Archaeology at the Bank of England

Dig into archaeological finds at the Bank of England
Published on 29 July 2022


Jennifer Adam, Curator

The glass and steel towers of the City of London may represent the most modern of architecture, but this area is also home to the most ancient remains in London. The Romans began to settle here around 47 CE, when a trading port grew around the first London Bridge. The new bridge joined roads north and south of London with shipping links to the Roman provinces of mainland Europe. By the end of the first century, about fifty thousand people lived in London.

The traces of their lives, and those who have lived here in almost two thousand years since, can still be found beneath our modern streets. Today’s street level is around seven metres higher than in Roman times – the result of buildings upon buildings, roads upon roads. Layered within that is an incredible range of lost, discarded and occasionally carefully buried archaeological treasure.

When the Bank of England was rebuilt in the 1920s, builders dug 15 metres down to build the gold vaults and foundations for the new building. This revealed a wealth of archaeological finds. Pottery from every era of London’s history was discovered, from Roman cooking pots and mortaria used to prepare food, to medieval water jugs and beer bottles from the 1700s. There were also things you might have expected to rot away over time, such as organic materials like wooden writing tablets and leather shoes. These had been protected over the centuries by the London’s wet, clay soil, which protects artefacts from oxygen in the air that would otherwise cause them to rot and decay.

The leather sole of a Roman sandal, with a bird engraved into the leather, preserved in London’s clay for nearly 2,000 years. Bank of England Museum: 266

Lots of metal items were also found. Our collections include a range from delicate items like bronze hair pins, cosmetics spoons and ear picks, and iron items that would have rusted away if they hadn’t been protected by the soil – including needles, keys, knives, a bucket handle, and a type of early horse shoe called a hipposandal. These everyday items become extraordinary through their survival over so many centuries.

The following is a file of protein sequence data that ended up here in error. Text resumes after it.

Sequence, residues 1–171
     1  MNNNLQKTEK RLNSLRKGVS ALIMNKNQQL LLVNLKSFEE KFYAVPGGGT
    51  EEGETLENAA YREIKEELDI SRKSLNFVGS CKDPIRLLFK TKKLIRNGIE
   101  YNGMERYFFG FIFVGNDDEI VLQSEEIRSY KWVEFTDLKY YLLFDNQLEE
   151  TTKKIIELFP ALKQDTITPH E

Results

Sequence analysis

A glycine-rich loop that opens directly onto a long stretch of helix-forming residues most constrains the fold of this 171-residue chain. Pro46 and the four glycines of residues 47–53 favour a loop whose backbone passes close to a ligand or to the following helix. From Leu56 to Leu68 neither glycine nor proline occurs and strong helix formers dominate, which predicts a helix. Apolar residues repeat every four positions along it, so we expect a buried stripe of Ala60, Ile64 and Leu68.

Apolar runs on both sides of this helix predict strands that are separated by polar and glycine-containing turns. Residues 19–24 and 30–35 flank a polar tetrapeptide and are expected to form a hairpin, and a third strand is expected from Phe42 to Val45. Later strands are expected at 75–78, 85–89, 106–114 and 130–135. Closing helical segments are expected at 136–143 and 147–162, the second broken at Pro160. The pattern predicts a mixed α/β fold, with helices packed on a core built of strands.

A Roman hipposandal – a type of early horseshoe that was tied on to the horse’s hoof using the taller loop at the front, and the smaller loop at the back. Bank of England Museum: 189

Delicate bronze ear picks, from the Roman era. Bank of England Museum: 051-055

There were also some much larger objects that showed the kinds of Roman buildings that were once on the Bank of England site. Three mosaics have been found on the site – decorative floors that once adorned impressive Roman villas built on the bank of the now-lost River Walbrook. The first mosaic was discovered in the 1820s, when Sir John Soane was completing the north-west expansion of the Bank. It’s been in the Roman galleries at the British Museum ever since.

The mosaics reveal the Roman history of the site, but they also tell a story about the growth and expansion of the Bank itself. When another mosaic was discovered during the 1920s rebuilding, it was badly damaged by the huge oak pile foundations that had been driven down into the ground during the building of Sir John Soane’s Bank in the early 1800s, straight through the middle of the mosaic. No doubt Soane, who celebrated ancient Greek and Roman art and design in his work, would have been horrified! But the mosaic was repaired and can be seen in the Museum now.

A mosaic pavement from a Roman villa on the site of the Bank of England. Made between the first and fourth centuries CE.  The damaged area in the bottom right corner has been restored. Bank of England Museum: 1989/129

The mosaic in situ, when it was discovered in the 1920s. Bank of England Archive:15A13/1/3/2/112

As well as the Roman Material, there are also artefacts from the early modern period. The Bank moved to Threadneedle Street in the 1730s, and the building continued to grow over the next 100 years. As a result, items were trapped underground as the buildings expanded: a gold earring – lost and probably much-missed; discarded, disposable clay pipes; empty glass wine bottles and earthenware beer bottles known as Bellarmines, with their distinctive bearded faces.

Each item is a treasure, but all together they form a distinctive picture of a place where, across centuries, goods are coming from all over the known world. Some Roman ceramics came all the way from south-central France. The wine bottles likely travelled from Belgium or the Netherlands, and the clay pipes tell the story of tobacco traded from the Caribbean and Americas in the 1700s. It’s a tangible reminder of the Londoners who were here before us, with each item an insight into their lives. What traces will we leave behind in the City?

An ‘onion’ style glass wine bottle, thought to be Dutch, dating between 1710 and 1740. Bank of England Museum: 397